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i hope some others will jump in with their experience... not sure of problems with these bikes i should be wary of.. .

-jeremy


Charging rotors are prone to failure, and the valves are shim adjusted which is a pain, so people decided not to bother with adjustments at the 5000 mile interval and ended up burning exhaust valves.

The Honda manual is also wrong with its valve lash specs, adjust the valve lash to .005. not .003 like the book says.

Good bikes. I miss mine, I had cb900f cams, and oil cooling system installed in mine, made it work a bit nicer.
 

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It just so happens that I recently completed a rebuild on a 1981 CB750C. If you are interested, you can read about the details on the New Members Forum.

http://www.hondashadow.net/forum/93-member-introductions/110232-spirit-fan.html

The advice given above about visiting the CB750 Customs forum is very worthwhile. You will learn all about the ins and outs of these bikes there. As you will learn, there are a few key things that need attention, such as valve clearance, cleaning the carbs and making sure they are seated correctly when installing them, and the electrical charging system. All of those items are easily maintained, but many people seem to ignore them.

Be prepared to spend a little cash while getting it ready for the road. I spent about $1,000 and the bike didn't really need much. If you need plastic side covers, they are only avalable used (like on eBay) and cost about $100 each.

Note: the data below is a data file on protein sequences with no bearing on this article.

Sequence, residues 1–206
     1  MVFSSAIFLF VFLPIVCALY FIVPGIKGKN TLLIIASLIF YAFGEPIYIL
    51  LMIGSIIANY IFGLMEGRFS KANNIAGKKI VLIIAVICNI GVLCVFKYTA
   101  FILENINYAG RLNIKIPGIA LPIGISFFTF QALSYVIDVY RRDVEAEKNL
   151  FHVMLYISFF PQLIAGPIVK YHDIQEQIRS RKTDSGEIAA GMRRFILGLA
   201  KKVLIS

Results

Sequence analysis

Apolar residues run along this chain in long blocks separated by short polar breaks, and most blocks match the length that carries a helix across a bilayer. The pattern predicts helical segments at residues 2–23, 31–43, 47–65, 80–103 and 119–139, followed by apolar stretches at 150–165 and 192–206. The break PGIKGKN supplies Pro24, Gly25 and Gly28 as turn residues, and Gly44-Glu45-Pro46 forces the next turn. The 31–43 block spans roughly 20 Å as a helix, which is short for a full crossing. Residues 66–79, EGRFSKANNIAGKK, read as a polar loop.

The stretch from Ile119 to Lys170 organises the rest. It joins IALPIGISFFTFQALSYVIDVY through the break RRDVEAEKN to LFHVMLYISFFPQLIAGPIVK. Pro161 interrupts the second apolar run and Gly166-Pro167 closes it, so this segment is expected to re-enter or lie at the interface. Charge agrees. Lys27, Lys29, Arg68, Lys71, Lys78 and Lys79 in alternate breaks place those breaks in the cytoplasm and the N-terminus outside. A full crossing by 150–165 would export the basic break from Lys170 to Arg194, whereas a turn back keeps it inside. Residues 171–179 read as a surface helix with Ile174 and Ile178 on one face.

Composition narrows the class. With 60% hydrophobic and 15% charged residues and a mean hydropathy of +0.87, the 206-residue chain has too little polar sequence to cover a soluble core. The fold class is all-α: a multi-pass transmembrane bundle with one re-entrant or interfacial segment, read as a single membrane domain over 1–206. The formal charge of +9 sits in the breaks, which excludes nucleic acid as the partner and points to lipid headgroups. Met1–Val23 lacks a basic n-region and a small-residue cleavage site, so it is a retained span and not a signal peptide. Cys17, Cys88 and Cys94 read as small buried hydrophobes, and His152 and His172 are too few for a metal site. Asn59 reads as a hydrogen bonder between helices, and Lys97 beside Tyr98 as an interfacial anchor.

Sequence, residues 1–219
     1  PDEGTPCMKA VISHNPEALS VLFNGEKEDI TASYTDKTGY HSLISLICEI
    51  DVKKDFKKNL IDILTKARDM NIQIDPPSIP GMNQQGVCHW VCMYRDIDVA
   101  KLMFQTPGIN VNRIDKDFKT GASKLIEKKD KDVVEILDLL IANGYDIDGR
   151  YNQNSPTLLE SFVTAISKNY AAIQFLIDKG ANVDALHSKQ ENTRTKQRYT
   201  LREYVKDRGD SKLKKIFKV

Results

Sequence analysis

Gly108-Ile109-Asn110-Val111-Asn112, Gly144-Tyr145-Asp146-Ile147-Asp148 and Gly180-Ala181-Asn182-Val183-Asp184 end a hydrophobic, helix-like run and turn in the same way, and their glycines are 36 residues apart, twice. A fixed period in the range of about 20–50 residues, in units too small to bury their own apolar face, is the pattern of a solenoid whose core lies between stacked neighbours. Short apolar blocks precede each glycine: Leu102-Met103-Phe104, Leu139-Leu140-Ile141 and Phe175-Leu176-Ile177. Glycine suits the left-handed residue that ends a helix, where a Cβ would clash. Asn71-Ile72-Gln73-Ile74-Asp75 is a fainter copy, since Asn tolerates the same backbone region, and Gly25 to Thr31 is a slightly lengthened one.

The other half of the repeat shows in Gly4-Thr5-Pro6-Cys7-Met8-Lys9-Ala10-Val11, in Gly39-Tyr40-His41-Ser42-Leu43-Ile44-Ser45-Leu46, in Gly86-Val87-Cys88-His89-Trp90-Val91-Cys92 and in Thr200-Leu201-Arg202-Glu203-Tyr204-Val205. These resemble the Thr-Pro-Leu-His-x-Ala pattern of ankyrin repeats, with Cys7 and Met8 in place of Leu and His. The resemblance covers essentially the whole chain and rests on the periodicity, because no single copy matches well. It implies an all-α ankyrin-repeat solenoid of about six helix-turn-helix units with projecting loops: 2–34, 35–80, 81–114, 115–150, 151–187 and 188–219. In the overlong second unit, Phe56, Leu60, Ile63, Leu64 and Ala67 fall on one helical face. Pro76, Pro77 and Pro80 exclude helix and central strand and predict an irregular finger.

I like the way the bike is nice and smooth and has lots of power. Now I am looking for a Shadow Spirit and will probably sell the CB750C in the spring.

Here is a picture of it.

 

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Discussion Starter · #16 ·
It just so happens that I recently completed a rebuild on a 1981 CB750C. If you are interested, you can read about the details on the New Members Forum.

http://www.hondashadow.net/forum/93-member-introductions/110232-spirit-fan.html
i will definitely read your thread... any information i can gain is great. im hoping the guy accepts the offer i made to him of $500... i detailed how much parts and stuff were going to cost, so $500 is the most i can pay.

would be nice to try my hand at an inline 4... i love learning all i can about motorcycles...

-jeremy
 

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I know the SOHC 750's have the great reputation, but I just love the DOHC's. A much cooler racing history, and the 750 can easily and relatively cheaply be made into an 1100 with stock parts.


Learn how to adjust your cam chains correctly though, they are getting harder and harder to find a good replacement..... I'm sure you'll learn all this from reading the other forum though.
 

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The SOHCs have tappet adjusters instead of shims, so keeping the valves in spec is not as hard. I don't know how hard the shims are to get, but Phoenix Specialty can make them for you. Older CBs tend to have weak charging systems. I think the 650s were the worst for that, but it's easy to replace the stator, and, there are places that will rewind them for you. DOHCs had more power on top end and could rev higher. Cam chains were kind of weak, and stretch with too much clutch dumping (wheelies.) Solid bikes for the most part. Like most older bikes, problems are usually electrical.
 

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Discussion Starter · #20 ·
Now I would go the other way with it. Try to find some matching Vetter hard bags and trunk and make a vintage touring bike.
this would be more ideal. i dont want a cafe racer, as cool as they are... or do any chopping at all.

i'd rather keep it mostly stock.. and find some nice hard bags for it. it already has a nice front fairing... which will need matching paint.. but if i can get this bike for the price i want, and fix it up... should be a great bike i can ride for many years to come.

-Jeremy